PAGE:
This story literally came to me in a dream. I basically just transcribed it and filled in some details. If it seems like a trite allegory on race relations in America . . . fuck, blame society for pounding this shit into my head. Clint Eastwood will direct . . .
Joe and Beezy
When my brother Curtis left to join the army, he left behind his Benjamin 392. For years the gun had been his most trusted sidekick. I think he sensed some sort of poetic justice in leaving it to me; having himself finally graduated to shooting real, live human beings with real killing-power rifles. The 392 was a pretty common air rifle, but it was powerful and effective and, at that time, about the baddest thing I’d ever seen.
When I came home from my shift at the Speedy Lube that day, the house was in a perfect uproar. Mamma was hysterical. The goddamn dogs were answering her in kind and raising her, and though Beezy fell silent upon my entering the house, hot tears stained her cheeks and her face held a wild, defiant glare. I could only glean that the scene had to do with that old Benjamin 392.
I backed right up and out the front door, fleeing the explosive ambush of barking dogs and female shrieking. Ten hours of pumping grease had done nothing to tune my nerves to this shrill discord.
It was a fine sunny day outside, hot. I looked across the street to see Grandpa Joe sitting in his rocker on the front porch of his home, looking back at me. Grandpa Joe could be found in this attitude as long as the sun was on its amble over the peak of his roof and yonder, behind the peak of ours. His face was set in the usual stoic stare, yet there was something more behind it, something extra grim; his posture notched a degree to the acute, well informed indeed of the tumult carrying on across the street. I sucked in a big gulp of air and slammed back inside.
I kicked the first dog I came to, sending him scurrying and whimpering out of the kitchen. The next one, none too dumb, got close on his tail. “Now what the hell happened?” I demanded in my best man-of-the-house voice. Mamma’s explanation was harried by the sheer height of her excitement and a little muddled by – it was 4:30 in the afternoon – five or six vodka-lemonades, but what I gathered was that little Beezy had picked up that 392 and squeezed off two shots at old Grandpa Joe. I gaped at the girl and she just crossed her arms, defiant, tears trickling.
I pushed open the door again and beheld the old man across the road. A slight sneer on his lips told me the whole thing was true.
“Goddamn it!” I stormed back inside, dimly aware that all this slamming of the cheap, wooden screen door spoke not at all to my authoritative powers.
Though the old man hadn’t changed his character or his habits a bit, I felt that in the three years since Dad left, Joe had grown into a watchful, judging specter. He had the whitest goddamn hair you’ve ever seen, Grandpa Joe. Eighty-plus years old and all that hair.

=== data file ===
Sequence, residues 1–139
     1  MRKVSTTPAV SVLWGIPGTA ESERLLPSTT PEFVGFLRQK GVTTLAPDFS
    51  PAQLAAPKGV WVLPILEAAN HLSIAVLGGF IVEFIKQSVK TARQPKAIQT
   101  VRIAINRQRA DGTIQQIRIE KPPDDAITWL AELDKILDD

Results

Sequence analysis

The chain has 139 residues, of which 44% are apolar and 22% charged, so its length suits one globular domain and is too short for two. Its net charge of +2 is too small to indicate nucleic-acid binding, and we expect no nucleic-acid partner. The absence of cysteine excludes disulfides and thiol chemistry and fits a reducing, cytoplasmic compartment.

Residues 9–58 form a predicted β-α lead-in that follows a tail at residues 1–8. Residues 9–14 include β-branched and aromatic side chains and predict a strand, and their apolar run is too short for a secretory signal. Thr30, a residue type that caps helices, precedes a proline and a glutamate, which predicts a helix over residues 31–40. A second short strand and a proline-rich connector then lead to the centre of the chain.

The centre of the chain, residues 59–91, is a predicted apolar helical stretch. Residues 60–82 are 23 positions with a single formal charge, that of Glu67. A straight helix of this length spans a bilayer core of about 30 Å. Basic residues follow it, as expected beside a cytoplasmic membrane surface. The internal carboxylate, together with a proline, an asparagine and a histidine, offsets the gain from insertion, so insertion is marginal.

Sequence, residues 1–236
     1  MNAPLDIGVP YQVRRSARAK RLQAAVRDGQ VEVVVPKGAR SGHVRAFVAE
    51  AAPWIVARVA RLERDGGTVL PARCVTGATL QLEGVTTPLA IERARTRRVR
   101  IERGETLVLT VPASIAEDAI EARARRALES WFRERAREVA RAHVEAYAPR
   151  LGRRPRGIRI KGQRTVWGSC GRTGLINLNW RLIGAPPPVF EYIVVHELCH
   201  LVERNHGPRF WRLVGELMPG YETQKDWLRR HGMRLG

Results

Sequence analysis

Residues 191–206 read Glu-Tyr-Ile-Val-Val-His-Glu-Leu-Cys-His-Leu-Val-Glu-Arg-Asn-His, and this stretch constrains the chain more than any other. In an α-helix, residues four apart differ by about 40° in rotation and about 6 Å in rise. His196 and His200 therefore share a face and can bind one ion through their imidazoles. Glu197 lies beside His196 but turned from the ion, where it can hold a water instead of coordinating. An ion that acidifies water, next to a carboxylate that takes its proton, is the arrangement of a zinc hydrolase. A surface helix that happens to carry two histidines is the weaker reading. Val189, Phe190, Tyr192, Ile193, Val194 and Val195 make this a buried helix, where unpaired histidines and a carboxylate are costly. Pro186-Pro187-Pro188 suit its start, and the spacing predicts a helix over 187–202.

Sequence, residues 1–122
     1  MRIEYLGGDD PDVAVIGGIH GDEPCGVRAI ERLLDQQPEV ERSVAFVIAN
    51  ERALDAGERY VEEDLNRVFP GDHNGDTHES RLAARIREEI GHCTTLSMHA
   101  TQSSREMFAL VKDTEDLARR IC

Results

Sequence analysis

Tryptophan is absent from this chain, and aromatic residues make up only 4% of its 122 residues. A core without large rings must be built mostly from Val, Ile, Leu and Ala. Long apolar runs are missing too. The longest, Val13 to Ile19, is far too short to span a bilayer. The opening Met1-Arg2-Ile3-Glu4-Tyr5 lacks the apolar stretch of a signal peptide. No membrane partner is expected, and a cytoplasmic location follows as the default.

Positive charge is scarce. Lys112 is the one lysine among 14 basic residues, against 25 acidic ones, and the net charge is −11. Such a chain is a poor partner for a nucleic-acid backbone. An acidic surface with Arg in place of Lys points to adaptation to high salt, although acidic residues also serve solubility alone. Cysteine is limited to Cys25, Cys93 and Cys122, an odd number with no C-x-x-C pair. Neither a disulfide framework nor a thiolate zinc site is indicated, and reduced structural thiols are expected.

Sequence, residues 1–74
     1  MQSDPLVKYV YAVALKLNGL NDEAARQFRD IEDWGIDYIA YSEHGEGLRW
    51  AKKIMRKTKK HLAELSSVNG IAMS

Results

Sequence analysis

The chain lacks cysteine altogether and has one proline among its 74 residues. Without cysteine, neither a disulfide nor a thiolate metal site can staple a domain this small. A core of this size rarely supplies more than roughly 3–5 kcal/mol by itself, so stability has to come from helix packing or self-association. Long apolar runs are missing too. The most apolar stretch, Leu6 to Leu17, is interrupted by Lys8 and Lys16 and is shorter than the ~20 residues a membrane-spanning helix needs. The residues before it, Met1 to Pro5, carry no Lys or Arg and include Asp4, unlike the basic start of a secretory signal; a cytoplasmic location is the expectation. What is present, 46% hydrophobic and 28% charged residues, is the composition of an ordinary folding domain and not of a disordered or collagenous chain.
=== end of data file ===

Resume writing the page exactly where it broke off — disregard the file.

I considered Beezy. Beezy was half black and not even family – technically. Some years ago my older sister Tamara had taken up with Cooper Wallace, a black boy from Lincoln High School. We didn’t see her for over a year and then, all of a sudden, she shows up with Cooper and his kid form another girlfriend – Beezy. Cooper stayed a couple weeks. Tammy stayed a few weeks longer and Beezy’s been with us ever since.
Finally I started to feel the full rush of injustice of this whole situation’s coming down on my poor head. I took action. I grabbed Beezy by her skinny brown arm and marched her across the street. I was surprised how strong she was for such a skinny little thing; but then she had to be strong to pump that Benjamin 392.
I presented the girl to Grandpa Joe. Already, just being so close in his presence, I felt the wind coming out of my sails a bit. “Gramps . . . did you see Beezy . . . screwing around with a pellet gun over there?” Joe gave me the coolest, meanest look I ever could have envisioned and then seemed to dismiss me altogether. That’s when I noticed the big, throbbing, red welt on his chest, six inches below his Adam’s apple, where his shirt collar was casually laid open to the warm summer sun. A trail of blood trickled down and made a dark spot beneath the paisley pattern of his shirt front. I wondered where she put the other one. Joe looked intently at Beezy. All at once, the hot tears of defiance were washed away in a pitiful flood. Joe took the girl onto his lap. I began to feel cumbersome in my presence and took a couple shuffling steps away. “Why did you do it, Beezy? Why did you do it?” Grandpa Joe’s voice was choked a little, with feeling. “Why’d you do it, Beezy?”
The girl just cried it out, burying her curly head in the old man’s chest. He stroked her hair, wearing a pained look.
I walked slowly back across the street with my hands in my pockets, listening with all my nerves and fibers, but wanting not to interrupt. I reached our door and, knowing not what else to do, went inside to take a shower – to scrub futilely at my grease-stained hands.
My brother Curtis never did make it overseas; he was dishonorably discharged after an ugly brawl at Fort Jackson. He didn’t share all the details, but it must have been pretty bad for him to get kicked out just like that. He was only home a day or two before he asked after his old pellet gun. Like a simple little child I let the whole story of Beezy and Grandpa Joe come spilling out of my mouth. Curtis laughed like it was the funniest thing he’d ever heard. We’d always said Curtis had a kind of violent streak, as well as a dark sense of humor, and he never missed an opportunity to detail what he’d do to Cooper Wallace if he ever caught him in a dark alley. He’d always treated Beezy pretty kindly, though.